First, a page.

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Our quantitative data points are meant to provide a high-level understanding of factors in equity risk models for First Hawaiian Inc. Portfolio managers use these models to forecast risk, optimize portfolios and review performance.
We show how FHB stock compares to 2,000+ US-based stocks, and to peers in the Finance sector and Regional Banks industry.
Please do not consider this data as investment advice. Data is downloaded from sources we deem reliable, but errors may occur.
First Hawaiian, Inc. is a bank holding company, which engages in the provision of banking services to consumer and commercial customers, including deposit products, lending services, and wealth management and trust services through its subsidiary First Hawaiian Bank. It operates through the following business segments: Retail Banking, Commercial Banking, and Treasury and Other. The Retail Banking segment offers residential and commercial mortgage loans, home equity lines of credit, automobile loans and leases, personal lines of credit, installment loans, and small business loans and leases; deposits such as checking, savings and time deposit accounts to consumers, small businesses and certain commercial customers. The Commercial Banking segment provides corporate banking, residential and commercial real estate loans, commercial lease financing, auto dealer financing, deposit products and credit cards that they provide primarily to middle market and large companies in Hawaii, Guam, Saipan, and California. The Treasury and Other segment relates to treasury business, which consists of corporate asset and liability management activities, including interest rate risk management; as well as organizational units such as technology, operations, credit and risk management, human resources, finance, administration, marketing, and corporate and regulatory administration. The company was founded in 1858 and is headquartered in Honolulu, HI.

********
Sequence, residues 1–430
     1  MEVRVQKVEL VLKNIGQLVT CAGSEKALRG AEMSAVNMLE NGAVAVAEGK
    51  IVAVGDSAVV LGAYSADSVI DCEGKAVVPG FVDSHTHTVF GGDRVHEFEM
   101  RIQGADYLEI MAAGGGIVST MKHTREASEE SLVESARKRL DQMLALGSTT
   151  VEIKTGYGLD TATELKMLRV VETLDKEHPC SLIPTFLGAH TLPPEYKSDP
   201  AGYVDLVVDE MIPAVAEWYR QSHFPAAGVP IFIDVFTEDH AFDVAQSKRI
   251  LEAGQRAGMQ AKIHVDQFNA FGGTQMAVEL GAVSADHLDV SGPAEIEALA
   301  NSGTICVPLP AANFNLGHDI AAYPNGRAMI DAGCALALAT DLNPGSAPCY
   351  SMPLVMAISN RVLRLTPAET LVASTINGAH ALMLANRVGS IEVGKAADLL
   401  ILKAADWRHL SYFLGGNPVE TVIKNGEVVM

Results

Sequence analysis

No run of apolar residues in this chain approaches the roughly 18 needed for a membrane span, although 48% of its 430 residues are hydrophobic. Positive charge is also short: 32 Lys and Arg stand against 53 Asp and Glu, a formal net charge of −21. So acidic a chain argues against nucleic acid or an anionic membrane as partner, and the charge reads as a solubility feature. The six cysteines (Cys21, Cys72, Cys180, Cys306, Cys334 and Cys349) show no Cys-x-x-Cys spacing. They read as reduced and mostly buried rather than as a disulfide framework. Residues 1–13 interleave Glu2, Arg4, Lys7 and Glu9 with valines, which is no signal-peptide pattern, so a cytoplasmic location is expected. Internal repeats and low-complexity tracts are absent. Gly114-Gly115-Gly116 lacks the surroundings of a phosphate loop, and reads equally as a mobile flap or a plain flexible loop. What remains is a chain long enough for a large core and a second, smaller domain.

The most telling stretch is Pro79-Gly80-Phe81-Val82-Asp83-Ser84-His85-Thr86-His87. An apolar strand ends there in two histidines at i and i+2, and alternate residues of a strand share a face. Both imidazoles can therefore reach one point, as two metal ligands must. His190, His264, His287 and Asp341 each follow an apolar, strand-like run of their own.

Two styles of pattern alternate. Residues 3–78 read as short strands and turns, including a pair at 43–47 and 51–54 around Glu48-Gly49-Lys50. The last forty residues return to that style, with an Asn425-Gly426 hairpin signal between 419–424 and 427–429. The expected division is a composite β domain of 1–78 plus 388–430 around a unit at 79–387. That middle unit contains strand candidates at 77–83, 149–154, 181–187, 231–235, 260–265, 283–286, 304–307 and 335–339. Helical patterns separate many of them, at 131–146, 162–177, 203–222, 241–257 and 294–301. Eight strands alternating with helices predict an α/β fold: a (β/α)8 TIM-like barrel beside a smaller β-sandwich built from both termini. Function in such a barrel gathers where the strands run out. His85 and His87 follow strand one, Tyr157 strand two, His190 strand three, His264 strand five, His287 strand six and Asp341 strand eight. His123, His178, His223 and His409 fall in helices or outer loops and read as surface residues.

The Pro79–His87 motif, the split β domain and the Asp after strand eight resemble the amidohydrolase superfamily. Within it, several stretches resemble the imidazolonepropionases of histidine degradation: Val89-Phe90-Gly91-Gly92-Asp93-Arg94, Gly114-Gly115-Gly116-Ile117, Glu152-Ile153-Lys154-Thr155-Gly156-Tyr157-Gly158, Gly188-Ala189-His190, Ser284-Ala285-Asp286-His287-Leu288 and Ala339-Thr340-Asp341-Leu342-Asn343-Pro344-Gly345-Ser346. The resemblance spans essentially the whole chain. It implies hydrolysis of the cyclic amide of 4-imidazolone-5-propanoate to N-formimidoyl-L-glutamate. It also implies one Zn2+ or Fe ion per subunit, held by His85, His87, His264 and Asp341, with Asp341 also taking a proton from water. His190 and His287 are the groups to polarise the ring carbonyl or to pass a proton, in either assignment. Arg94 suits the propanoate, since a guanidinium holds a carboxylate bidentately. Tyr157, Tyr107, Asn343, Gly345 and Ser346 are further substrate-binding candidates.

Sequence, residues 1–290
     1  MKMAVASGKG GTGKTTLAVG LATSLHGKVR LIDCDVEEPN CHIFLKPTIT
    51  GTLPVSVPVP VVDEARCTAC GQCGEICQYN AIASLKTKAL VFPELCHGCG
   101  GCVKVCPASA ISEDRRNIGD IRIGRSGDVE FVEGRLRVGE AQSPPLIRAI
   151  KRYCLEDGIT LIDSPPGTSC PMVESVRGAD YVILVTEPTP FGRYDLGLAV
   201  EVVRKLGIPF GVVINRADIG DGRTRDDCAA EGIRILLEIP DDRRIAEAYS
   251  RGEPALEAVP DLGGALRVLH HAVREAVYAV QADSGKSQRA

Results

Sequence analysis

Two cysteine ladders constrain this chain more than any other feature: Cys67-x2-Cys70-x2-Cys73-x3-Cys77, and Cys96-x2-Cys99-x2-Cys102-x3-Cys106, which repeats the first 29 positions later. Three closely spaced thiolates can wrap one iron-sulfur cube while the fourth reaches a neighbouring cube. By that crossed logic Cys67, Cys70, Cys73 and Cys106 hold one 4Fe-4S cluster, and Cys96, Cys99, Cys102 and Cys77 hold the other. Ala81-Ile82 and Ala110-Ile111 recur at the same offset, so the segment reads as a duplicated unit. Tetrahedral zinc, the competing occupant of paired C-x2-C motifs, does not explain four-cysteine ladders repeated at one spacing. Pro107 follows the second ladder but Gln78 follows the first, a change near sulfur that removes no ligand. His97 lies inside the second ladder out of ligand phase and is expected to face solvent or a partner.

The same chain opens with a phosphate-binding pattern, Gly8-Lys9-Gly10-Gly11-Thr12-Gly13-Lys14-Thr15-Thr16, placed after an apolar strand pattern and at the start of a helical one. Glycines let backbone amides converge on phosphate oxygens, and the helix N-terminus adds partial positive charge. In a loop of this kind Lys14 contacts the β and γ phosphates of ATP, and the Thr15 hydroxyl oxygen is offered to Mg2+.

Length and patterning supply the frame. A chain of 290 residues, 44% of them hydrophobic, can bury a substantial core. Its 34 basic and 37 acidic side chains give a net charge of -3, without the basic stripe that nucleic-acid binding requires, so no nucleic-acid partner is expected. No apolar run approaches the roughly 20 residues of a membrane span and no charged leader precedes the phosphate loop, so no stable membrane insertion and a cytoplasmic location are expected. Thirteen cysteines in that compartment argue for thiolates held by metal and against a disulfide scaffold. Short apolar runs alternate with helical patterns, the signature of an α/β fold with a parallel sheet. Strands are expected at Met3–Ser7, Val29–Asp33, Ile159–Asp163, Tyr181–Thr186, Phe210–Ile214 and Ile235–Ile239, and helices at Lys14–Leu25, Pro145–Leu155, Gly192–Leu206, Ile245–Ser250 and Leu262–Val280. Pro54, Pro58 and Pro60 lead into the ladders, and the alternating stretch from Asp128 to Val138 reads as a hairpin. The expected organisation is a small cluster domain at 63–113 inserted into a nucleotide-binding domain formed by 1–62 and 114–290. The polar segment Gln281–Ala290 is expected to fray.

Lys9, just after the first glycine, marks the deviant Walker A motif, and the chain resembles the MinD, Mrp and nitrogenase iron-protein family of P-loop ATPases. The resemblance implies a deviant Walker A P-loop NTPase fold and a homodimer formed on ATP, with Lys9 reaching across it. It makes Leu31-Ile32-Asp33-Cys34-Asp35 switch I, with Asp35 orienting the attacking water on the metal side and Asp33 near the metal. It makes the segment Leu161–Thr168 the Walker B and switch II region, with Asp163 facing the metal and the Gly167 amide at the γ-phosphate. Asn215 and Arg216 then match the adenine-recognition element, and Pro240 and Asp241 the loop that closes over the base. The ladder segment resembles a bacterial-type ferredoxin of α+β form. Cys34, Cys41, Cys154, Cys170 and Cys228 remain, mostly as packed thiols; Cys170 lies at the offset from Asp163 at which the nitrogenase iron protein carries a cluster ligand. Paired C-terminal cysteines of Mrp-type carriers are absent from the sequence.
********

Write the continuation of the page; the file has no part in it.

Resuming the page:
Many of the following risk metrics are standardized and transformed into quantitative factors in institutional-level risk models.
Rankings below represent percentiles from 1 to 100, with 1 being the lowest rating of risk.
Stocks with higher beta exhibit higher sensitivity to the ups and downs in the market. (↑↑)
Stocks with higher market capitalization often have lower risk. (↑↓)
Higher average daily dollar volume over the past 30 days implies lower liquidity risk. (↑↓)
Higher price momentum stocks, aka recent winners, equate to lower risk for many investors. (↑↓)
Style risk factors often include measures of profitability and payout levels.
Companies with higher earnings generally provide lower risk. (↑↓)
Companies with higher dividend yields, if sustaintable, are perceived to have lower risk. (↑↓)
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